I used to think it was cool how good Uncle Rick was at skimboarding, how into it he was. He had a rap about it – Zen and the art of skimboarding. He used to come to the beach with me and Mom every summer and stay at Gramma’s condo with us. I remember sitting at the linoleum kitchen table, watching him roll a joint while he talked about the surf and the sand, the feeling of the perfect ride. I remember the way he glanced at my breasts and then looked away.
But the summer after Gramma died, he lost his mind. We were all different after that. I could hardly even talk to Mom then. She would cry about something as small as cream cheese falling out of a crowded refrigerator.
Uncle Rick looked the worst. He had put on weight and wore a towel around his waist all the time. He went to a thrift shop on one of the side streets off the boardwalk and found this leather jacket with Def Leppard printed on the back and these big red-and-white stripes going down the arms, and he wore it all the time. In 90 degree high-noon weather, he had that jacket on. He said, “That’s what she said” when I ordered chicken fingers for lunch.
I told him that didn’t even make sense.
“You don’t get it yet, Jaynie, sweetheart. You don’t get it yet.” He winked at me.
“I get it. It’s supposed to be about sex, but chicken fingers are not connected to sex.”
“That’s what she said.” He started laughing as if this were a new joke.
I asked Mom about it. She said, “Don’t get me started on Rick right now. Do me a favor and ignore him, Jayne.”
But how could I ignore him? He would come into my room at night, after Mom went to sleep, and sit on the end of my bed. I would be like, Hello? Did you want to talk to me or something? But he would sit there, staring at me and then out the window at the parking lot and say weird things: “Don’t be a parked car in the parking lot of life, Jaynie.” He would still have that Def Leppard jacket on and the towel wrapped around his waist.
After about a week of this, he moved up to the side of my bed. He touched my hair and said in a voice that sounded like he was telling a secret, “You know, you are born with all the hair you’re ever going to have. You don’t make any new hair in your lifetime.”
I said I was pretty sure that wasn’t true. I knew this was actually a fact about girls’ eggs because we covered that in sex ed, but I didn’t want to talk to him about that. Besides, I think he was looking for a reason to touch my hair.
Finally, one night I woke up and there he was, sitting right by my head, wearing his towel and jacket.
I said, “Is something wrong, Uncle Rick?”
He looked at me and whispered, “Why would something be wrong?”
“Well, you come in here and sit on my bed and stuff and stare and you wear that towel all the time and that jacket. I was just sort of wondering.”
His voice got louder. “What’s wrong with this jacket?”
“You have something against Def Leppard?”
I said, “Well, actually I didn’t know Def Leppard but then I Googled them and it turns out Taylor Swift sang a song with them and it was pretty cool, I guess.”
“You don’t know Taylor Swift?” I didn’t know how this could be true.
“I fucking know Taylor Swift. What are you talking about Def Leppard?” And so it went like this for way too long until I grabbed my phone and played the song where she sings “Photograph” with the guy from Def Leppard. He’s all, I can’t fucking believe this.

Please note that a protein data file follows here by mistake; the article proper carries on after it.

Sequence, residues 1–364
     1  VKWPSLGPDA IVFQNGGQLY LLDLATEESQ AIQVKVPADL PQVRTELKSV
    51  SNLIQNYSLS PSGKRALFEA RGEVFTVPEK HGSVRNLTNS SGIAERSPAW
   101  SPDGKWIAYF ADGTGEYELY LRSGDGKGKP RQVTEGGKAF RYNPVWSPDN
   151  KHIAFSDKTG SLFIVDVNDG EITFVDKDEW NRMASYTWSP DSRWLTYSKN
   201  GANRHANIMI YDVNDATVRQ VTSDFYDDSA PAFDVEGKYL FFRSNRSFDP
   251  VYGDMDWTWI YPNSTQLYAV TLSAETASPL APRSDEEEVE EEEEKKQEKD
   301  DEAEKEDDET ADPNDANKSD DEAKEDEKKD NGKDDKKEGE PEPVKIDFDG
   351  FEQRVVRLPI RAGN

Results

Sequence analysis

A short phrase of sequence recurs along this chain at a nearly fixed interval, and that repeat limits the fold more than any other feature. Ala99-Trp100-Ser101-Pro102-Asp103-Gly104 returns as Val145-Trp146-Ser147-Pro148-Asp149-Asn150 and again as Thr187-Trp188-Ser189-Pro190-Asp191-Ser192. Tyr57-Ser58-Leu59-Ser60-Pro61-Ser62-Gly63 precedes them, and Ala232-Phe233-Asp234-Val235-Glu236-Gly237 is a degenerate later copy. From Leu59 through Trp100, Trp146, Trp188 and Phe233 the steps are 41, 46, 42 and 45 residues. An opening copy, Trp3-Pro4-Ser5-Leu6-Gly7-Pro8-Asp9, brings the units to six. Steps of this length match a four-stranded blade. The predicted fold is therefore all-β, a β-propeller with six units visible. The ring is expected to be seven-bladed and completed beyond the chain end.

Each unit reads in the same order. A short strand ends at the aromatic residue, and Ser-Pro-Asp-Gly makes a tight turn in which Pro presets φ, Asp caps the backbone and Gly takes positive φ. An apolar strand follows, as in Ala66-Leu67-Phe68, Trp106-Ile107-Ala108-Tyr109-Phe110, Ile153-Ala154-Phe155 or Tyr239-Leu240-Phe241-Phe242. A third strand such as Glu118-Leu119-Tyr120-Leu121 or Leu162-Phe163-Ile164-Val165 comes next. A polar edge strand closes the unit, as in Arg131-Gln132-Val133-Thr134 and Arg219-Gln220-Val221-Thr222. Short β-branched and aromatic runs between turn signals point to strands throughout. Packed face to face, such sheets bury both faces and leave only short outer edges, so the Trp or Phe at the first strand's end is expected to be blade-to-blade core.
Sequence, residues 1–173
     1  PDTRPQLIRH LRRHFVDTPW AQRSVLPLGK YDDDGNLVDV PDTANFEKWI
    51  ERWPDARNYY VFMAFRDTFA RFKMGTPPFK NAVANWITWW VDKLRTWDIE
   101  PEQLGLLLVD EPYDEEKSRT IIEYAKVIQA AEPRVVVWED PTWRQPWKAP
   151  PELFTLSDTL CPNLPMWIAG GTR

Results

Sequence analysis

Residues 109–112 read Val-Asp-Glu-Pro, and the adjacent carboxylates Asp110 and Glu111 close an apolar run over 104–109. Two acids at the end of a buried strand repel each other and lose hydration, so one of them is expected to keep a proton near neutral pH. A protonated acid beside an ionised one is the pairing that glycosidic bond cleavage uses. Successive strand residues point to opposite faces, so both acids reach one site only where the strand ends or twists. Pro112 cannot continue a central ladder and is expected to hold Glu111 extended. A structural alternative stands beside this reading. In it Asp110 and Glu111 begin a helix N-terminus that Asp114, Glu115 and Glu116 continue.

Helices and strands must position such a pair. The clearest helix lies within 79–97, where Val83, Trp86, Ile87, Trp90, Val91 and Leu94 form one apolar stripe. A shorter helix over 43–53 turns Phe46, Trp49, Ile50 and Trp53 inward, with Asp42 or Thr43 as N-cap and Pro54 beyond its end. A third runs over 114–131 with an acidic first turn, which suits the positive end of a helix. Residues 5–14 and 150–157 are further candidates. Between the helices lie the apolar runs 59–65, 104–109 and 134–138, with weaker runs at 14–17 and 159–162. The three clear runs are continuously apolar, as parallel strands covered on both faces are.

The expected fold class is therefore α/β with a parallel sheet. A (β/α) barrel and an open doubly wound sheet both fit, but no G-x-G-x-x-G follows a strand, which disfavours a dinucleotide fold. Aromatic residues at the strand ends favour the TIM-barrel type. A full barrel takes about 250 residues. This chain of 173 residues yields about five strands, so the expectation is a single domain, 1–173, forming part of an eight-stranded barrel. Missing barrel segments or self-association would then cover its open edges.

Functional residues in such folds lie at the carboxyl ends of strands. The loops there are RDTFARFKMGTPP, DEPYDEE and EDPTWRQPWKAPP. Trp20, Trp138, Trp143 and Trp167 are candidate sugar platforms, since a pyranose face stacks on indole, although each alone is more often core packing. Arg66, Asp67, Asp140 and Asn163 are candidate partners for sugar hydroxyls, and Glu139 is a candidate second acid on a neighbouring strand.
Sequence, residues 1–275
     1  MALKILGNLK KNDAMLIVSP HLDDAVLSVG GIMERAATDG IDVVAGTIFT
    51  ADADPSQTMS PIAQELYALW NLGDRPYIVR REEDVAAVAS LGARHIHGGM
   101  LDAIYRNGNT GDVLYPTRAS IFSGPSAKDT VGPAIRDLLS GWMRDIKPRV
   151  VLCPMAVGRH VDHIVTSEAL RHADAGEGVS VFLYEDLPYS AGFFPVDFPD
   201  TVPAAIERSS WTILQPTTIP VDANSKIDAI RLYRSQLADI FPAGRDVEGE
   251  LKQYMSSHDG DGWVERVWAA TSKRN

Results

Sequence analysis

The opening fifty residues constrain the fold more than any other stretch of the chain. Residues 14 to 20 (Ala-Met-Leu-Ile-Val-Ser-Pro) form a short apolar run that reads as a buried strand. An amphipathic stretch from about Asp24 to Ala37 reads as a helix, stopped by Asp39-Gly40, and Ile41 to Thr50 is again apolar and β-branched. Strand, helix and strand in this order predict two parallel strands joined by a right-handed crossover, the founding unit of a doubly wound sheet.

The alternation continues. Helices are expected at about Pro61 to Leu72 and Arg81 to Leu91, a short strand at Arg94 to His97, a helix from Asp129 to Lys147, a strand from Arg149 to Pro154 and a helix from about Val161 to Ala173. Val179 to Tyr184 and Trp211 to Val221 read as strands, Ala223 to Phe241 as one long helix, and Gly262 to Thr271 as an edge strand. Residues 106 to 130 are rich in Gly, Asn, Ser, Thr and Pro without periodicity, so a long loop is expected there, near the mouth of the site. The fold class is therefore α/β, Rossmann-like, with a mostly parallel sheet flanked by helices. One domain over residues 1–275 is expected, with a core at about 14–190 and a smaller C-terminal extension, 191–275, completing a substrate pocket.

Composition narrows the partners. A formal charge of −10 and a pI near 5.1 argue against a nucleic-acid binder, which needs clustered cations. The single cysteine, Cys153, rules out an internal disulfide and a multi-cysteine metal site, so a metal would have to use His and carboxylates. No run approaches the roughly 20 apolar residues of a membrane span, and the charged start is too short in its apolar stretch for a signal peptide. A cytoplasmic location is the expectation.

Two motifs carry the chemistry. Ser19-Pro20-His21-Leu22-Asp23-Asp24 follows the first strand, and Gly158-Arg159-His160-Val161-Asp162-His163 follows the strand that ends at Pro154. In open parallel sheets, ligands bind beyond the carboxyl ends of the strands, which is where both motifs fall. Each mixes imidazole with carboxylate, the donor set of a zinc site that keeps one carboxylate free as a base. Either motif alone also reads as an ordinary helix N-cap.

I said, “Believe it.”
He got up from the bed and walked over to the window and started this crazy pacing until suddenly his towel fell off and it was so horrible as to not even be believed. Everything was sort of hanging there, and it’s all so much littler than you would think. This magic that’s always hidden, this big secret, is just this little hot dog and a bag of raisins or something. A little extra bag of loose skin they get. I was like – to myself – this? This is what they get? I all of a sudden felt so sad for him.
I said, “Aww.” It sort of came out.
He said, “What?”
“What are you ‘awwing’ about? You said ‘aww’ like you saw a puppy. What’s your problem?” He hadn’t picked up his towel from the floor. He stood there in his leather jacket and his flip flops. There was sand still on his legs. I stared at that, the little grains and the brown hair together.
“It’s cute is all,” I lied.
I said, “It’s so much smaller than I thought it would be.”
Never say it’s so much smaller than you thought it would be.
He freaked out. He took off his jacket and threw it on my bed. “Take your stupid Taylor Swift jacket. I tried to help you, Jaynie girl.” He picked up the towel from the floor and tried to wrap it back around his waist, but it fell right back down again. I tried not to laugh. He picked it up and walked out of my room completely naked except his flip flops and his grains of sand.
The next morning, he was gone. He left the jacket, skimboard, and a bunch of his clothes spread all over the couch. I brought the board to the guys at the rental stand on our beach, and they traded for a joint and a coupon for a free telescope picture.
Jeanne Jones is a lawyer and writing teacher in the Washington metropolitan area. Her work has appeared or is forthcoming in the EEEL, 1:1000, and Abundant Grace: Fiction by D.C. Area Women. She was a finalist in NPR's three-minute fiction contest judged by Ann Patchett. She lives in Hyattsville, Maryland, with her husband and two children.